City Council Member David Yassky and gun control advocates say the shootings are just further evidence that gun dealers and gun manufacturers, who are often out of state, need to be held accountable for selling guns that end up being used to injure or kill innocent people.

“Whenever there’s a shooting, there’s almost always two people who are responsible, the one with the gun and the one who sold him the gun,” said Yassky, a Democrat representing Brooklyn, at a City Hall press conference on April 9.

Yassky has authored a bill that would direct the city to fine any member of the gun industry—in New York City or out of state—$100,000 for each violation of a code of conduct designed to protect New Yorkers from illegal firearms.

In all honesty, what will this accomplish? Yes, it is easy to get your hands on a gun whether you are a law abiding good person or a slithering, madman convicted felon. If a gun dealer is illegally selling guns, they need to be stopped. People like Yassky and Mayor Bloomberg think that the way to stop the illegal sale of guns by gun dealers is to go after the gun manufacturer. Think about this for a moment.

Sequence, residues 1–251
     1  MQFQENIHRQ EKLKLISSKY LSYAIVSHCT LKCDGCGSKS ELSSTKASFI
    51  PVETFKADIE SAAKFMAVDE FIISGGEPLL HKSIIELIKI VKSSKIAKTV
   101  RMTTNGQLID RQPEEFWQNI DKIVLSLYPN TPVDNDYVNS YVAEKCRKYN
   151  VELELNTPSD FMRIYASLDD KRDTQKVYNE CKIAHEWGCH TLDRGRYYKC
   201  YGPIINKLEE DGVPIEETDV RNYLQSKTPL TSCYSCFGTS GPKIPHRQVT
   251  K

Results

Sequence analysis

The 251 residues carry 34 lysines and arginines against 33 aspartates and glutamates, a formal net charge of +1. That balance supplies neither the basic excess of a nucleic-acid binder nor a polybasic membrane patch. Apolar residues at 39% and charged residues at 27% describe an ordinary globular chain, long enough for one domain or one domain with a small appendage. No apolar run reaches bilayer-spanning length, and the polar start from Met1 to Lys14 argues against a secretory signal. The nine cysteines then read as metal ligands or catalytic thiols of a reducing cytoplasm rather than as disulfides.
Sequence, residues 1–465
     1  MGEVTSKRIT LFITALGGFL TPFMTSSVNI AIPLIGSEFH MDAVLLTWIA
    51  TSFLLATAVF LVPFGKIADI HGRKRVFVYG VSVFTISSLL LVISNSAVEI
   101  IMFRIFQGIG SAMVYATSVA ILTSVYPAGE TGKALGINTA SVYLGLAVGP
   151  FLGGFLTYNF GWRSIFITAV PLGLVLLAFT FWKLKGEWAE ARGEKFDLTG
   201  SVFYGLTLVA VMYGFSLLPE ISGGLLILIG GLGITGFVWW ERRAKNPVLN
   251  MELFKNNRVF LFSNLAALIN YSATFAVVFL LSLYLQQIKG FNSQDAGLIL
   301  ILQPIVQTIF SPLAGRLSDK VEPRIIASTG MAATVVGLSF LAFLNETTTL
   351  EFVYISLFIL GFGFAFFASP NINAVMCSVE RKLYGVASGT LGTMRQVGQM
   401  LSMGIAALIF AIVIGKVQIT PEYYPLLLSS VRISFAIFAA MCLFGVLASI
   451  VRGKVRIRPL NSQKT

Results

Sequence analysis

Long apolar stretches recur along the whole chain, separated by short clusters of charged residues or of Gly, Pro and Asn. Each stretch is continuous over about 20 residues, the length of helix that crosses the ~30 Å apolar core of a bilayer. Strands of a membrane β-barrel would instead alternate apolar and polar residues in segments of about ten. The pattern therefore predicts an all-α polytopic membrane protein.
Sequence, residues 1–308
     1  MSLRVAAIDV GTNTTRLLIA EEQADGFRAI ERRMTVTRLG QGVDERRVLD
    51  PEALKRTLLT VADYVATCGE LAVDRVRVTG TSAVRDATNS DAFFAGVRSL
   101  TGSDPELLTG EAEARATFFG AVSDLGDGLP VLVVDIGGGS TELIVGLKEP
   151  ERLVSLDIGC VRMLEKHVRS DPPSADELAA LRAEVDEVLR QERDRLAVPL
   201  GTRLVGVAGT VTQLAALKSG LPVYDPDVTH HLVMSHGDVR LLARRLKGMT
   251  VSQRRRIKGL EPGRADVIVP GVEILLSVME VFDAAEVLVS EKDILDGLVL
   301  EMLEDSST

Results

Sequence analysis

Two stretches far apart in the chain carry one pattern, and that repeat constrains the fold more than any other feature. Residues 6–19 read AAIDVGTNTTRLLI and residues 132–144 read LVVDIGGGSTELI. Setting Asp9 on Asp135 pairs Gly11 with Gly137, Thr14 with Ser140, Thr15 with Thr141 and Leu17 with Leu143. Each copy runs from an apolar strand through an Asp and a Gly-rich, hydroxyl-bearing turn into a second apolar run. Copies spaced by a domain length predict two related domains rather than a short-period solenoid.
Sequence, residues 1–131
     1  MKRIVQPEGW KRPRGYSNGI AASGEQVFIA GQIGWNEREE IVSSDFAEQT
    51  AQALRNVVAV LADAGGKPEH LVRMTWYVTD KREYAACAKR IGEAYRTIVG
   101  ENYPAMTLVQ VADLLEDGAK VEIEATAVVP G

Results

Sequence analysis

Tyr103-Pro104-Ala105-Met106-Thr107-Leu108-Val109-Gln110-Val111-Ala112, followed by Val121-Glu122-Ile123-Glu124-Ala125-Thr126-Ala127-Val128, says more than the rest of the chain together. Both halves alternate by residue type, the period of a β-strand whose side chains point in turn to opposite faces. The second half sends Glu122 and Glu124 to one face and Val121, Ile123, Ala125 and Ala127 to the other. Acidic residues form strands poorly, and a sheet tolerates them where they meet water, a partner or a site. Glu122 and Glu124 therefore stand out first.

Let’s use the same reasoning and apply it to my list of murder weapons above. A man walks into a local pro shop and buys a set of Calloway golf clubs. Two years later, for whatever the reasons, he either in rage or premeditation, uses his pitching wedge to murder his next door neighbor. Do we blame and put half of the responsibility back on the owner of the pro shop or cleck who sold him the clubs? Or, do we go after Calloway for manufacturing something that could potentially kill somebody? Of course we don’t.